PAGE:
The city’s public schools have made progress since 2007, but many of the touted successes have been undermined and questioned after a series of scandals and investigations — including an investigation that found that 1 in 3 graduates in 2017 did not meet city requirements to receive their diplomas. This has led some council members and residents to attack the city for weak public oversight of schools.
While any meaningful change that would curtail the mayor’s control of the city’s education agencies is probably still a long way off, there does appear to be a growing consensus among the 13-member legislative body that the District needs to make structural changes to provide better oversight.
Democrats for Education Reform unsuccessfully mobilized to reelect Ward 4 council member Brandon T. Todd (D), a strong Bowser ally, in 2020. Todd answered in the group’s candidate questionnaire that he would not undermine the current system of mayoral control and said the teacher evaluation system should remain intact. Janeese Lewis George — a council member who had earned the support of the Washington teachers union — took the seat. The freshman council member has introduced legislation that would strip the Office of the State Superintendent of Education out of the mayor’s control.
DFER asked candidates in this year’s candidate questionnaire if they would support this legislation.
The group has also promoted candidates, including Bowser and Goulet, who want to increase the size of the city’s police force.
In the Ward 3 race, where Goulet is a candidate, longtime council member Mary M. Cheh (D) unexpectedly announced she would not run for reelection in February, leaving an open seat and a crowded field of potential candidates to replace her. Cheh has said she supports mayoral control, though has introduced legislation that would give the mayor less control over the District’s state education agency, and give the agency more oversight authority of schools.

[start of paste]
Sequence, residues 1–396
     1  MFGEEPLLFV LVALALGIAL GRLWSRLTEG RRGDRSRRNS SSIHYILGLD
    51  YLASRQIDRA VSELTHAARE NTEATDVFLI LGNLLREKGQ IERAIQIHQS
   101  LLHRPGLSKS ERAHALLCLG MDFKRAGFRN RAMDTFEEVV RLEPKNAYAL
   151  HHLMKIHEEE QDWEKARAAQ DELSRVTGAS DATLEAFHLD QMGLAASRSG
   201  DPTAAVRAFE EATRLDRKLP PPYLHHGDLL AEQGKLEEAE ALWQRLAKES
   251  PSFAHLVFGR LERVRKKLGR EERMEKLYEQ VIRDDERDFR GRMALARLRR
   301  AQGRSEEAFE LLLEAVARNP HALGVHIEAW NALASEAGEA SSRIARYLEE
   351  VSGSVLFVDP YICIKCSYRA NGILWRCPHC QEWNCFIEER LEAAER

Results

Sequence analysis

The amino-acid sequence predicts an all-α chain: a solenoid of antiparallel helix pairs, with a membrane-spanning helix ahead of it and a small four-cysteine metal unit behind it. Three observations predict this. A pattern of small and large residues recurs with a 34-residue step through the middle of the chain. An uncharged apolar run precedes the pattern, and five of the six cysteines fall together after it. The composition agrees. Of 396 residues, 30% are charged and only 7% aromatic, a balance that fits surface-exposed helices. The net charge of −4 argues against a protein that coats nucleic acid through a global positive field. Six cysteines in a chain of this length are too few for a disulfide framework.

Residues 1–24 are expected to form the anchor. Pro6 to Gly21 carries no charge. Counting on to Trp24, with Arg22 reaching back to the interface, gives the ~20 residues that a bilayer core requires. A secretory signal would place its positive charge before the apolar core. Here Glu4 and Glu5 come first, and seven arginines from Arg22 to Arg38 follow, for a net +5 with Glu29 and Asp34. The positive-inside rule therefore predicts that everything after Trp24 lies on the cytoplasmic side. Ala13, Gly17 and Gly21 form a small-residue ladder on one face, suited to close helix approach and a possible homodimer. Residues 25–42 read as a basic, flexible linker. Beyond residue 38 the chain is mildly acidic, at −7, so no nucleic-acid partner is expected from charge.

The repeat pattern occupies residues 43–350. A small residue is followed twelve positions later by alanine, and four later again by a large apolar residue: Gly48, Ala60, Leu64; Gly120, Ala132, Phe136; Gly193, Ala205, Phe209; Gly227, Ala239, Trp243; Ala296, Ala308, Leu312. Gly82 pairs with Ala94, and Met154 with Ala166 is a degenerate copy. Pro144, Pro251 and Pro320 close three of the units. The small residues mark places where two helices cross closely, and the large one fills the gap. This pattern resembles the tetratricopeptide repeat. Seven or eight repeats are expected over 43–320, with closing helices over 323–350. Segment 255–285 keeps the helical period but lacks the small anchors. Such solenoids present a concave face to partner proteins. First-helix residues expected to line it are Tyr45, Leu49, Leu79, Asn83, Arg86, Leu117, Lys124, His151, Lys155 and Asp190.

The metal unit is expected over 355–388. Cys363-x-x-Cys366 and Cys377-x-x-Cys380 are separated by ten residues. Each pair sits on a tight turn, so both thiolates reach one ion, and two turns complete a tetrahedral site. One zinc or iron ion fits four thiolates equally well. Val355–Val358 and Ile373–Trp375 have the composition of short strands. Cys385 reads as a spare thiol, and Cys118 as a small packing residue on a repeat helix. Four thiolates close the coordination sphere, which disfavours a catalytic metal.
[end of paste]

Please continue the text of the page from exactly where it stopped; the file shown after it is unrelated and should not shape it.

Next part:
“I think the accountability of mayoral control gets a lot done,” Goulet said. “Being able to have mayoral control in schools is important.”
Under election laws, outside groups cannot coordinate with individual campaigns, though they can mobilize voters and promote candidates. The group has conducted at least two professional polls for the mayor and Ward 3 races.
Matt Frumin, a Democratic Ward 3 council candidate, has criticized DFER DC for taking money that comes from outside the city, saying that elections should be shaped by local residents and money. Frumin, a longtime bolster of the city’s neighborhood schools, did not receive the DFER endorsement.
“It’s outrageous. Ward 3 is not for sale,” Frumin said. “The idea of the fair election process is that the election should be financed by the will of individual voters in the District.”
Giles countered that the group works with parents year-round and reflects the stances of many families in the city. She said the local chapter’s five employees live in D.C.
“We believe our direction,” she said, “is very much in line with what D.C. voters want.”